Jemima Sumgong, the first Kenyan woman to win an Olympic gold in the marathon when she triumphed in Rio last year, has failed an out-of-competition dope test, athletics officials said Friday. The 32-year-old, who is also the reigning London Marathon champion, tested positive for the banned blood booster EPO in a test by the International Association of Athletics Federations (IAAF) in her native Kenya. Sumgong starred at the London Marathon last year, defying the odds to win despite suffering a bruising fall. Steeled by her success in London, she then became the first Kenyan woman to win Olympic marathon gold, defeating Ethiopia's world champion Mare Dibaba in Rio to confirm her status as the world's top marathon runner of 2016. Before claims of a positive drugs test emerged, Sumgong vowed to defend her London title on April 23.
But Tim Hadzima, general manager at Abbott World Marathon Majors, organiser of the world's largest marathons including London, said the organisation was "distressed" by the reports, adding: "if true, they indicate that we are gaining ground in our long-standing fight against doping".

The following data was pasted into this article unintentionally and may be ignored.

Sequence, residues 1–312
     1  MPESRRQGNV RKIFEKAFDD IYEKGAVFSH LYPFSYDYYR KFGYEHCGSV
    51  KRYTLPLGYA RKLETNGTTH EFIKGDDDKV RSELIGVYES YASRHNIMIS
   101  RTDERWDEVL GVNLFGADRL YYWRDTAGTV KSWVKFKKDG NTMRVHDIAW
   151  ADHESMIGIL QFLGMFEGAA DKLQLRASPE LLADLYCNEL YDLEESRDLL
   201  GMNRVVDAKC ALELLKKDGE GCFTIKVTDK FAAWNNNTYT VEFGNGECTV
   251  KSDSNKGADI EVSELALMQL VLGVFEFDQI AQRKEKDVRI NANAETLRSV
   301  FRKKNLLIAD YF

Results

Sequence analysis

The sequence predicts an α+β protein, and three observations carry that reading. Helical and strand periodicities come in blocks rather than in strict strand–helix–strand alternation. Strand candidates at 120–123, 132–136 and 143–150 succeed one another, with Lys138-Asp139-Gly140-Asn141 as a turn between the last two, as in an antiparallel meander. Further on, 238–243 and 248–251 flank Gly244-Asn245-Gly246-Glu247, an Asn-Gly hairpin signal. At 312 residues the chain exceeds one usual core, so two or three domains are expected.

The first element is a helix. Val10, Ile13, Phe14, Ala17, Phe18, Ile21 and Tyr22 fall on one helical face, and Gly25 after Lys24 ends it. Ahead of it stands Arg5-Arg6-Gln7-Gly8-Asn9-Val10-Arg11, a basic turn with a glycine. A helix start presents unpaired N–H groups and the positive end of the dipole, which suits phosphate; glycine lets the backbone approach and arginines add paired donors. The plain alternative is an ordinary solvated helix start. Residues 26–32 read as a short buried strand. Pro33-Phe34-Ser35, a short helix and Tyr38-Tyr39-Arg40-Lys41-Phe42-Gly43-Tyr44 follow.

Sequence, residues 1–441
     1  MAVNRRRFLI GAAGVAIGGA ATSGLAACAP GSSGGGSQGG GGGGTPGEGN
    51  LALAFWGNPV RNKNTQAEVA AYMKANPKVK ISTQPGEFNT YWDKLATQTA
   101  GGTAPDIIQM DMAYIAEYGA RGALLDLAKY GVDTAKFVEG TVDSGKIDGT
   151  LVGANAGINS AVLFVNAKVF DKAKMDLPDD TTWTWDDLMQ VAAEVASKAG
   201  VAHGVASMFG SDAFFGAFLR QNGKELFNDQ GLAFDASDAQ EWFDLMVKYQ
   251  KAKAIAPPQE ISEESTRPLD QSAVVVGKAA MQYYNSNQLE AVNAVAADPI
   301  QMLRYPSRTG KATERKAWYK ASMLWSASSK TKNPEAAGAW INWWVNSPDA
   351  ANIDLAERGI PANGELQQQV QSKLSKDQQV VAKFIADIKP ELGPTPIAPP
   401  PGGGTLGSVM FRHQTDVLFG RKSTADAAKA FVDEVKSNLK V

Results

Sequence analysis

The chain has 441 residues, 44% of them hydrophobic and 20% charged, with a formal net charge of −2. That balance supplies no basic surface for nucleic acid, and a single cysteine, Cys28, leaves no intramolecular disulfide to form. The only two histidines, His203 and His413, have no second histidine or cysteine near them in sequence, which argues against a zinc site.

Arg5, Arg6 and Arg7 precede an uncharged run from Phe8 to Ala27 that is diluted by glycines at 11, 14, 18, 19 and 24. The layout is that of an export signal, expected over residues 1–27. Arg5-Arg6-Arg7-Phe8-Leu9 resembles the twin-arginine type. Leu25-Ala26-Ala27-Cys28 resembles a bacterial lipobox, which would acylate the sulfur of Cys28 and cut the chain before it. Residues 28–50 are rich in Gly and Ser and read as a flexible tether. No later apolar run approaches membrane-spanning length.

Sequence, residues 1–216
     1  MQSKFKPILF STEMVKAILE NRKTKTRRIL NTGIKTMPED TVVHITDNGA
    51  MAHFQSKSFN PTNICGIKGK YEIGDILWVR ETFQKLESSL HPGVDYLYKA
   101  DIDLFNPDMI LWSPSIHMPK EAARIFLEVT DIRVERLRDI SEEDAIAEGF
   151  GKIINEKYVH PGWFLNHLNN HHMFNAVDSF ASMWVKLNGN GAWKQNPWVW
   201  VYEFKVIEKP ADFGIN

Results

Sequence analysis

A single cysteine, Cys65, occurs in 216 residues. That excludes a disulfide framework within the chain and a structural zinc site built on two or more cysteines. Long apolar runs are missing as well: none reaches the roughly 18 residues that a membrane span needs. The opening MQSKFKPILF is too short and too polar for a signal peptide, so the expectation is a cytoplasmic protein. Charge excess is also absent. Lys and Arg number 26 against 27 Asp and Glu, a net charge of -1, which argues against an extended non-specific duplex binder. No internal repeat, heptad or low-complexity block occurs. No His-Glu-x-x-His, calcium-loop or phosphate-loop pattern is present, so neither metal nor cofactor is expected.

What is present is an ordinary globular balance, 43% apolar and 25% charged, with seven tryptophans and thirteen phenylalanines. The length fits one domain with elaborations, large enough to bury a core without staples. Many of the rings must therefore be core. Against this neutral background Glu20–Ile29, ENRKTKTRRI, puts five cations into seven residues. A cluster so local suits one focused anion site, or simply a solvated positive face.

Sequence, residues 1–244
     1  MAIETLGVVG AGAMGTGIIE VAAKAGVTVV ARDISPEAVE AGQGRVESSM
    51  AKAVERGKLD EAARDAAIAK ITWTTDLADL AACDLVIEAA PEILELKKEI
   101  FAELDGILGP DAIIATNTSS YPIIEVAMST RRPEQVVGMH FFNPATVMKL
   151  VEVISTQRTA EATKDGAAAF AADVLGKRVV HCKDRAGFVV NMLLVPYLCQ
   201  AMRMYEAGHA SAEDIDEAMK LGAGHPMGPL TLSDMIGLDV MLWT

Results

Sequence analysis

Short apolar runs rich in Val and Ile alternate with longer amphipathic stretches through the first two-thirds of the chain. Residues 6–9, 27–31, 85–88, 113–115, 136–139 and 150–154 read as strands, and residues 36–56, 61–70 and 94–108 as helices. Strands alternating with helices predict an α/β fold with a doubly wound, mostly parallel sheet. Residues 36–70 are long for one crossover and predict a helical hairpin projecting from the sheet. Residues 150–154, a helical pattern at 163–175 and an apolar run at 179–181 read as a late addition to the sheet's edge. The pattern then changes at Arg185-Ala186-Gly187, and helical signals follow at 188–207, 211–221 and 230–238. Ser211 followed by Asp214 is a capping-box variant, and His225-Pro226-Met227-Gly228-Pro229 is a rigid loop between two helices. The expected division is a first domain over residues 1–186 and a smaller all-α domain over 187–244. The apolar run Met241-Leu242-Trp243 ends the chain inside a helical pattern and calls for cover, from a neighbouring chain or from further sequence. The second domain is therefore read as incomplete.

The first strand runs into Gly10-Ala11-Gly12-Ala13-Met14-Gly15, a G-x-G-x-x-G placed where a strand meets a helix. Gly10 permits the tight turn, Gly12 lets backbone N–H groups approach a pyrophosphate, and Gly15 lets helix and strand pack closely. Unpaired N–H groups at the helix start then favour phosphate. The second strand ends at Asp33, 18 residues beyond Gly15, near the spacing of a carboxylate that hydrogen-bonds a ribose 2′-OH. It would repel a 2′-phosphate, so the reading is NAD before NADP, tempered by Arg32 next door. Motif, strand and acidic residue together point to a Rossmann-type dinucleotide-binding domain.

At the Rio Olympics, Sumgong defied temperatures of 28 degrees Celsius (82F) to claim an historic gold medal in a race that finished at the city's famed Sambodromo.
"I was never worried that I'd lose," said Sumgong, who added that victory made up for a disappointing showing at the 2008 Beijing Olympics. "At the 40 kilometre mark I knew the gold was mine."
Earlier this year, Sumgong was one of a number of top Kenyan athletes who welcomed a new initiative to eradicate doping, which has tarnished their image, agreeing to be monitored by doctors appointed by the IAAF and Athletics Kenya.
"It will be easy for us now to communicate with these doctors before we take any medicine when the need arises," said Sumgong.
The move came after an investigation by German television channel ARD and Britain's Sunday Times newspaper last July alleging that doping was rife at the elite training center in Iten.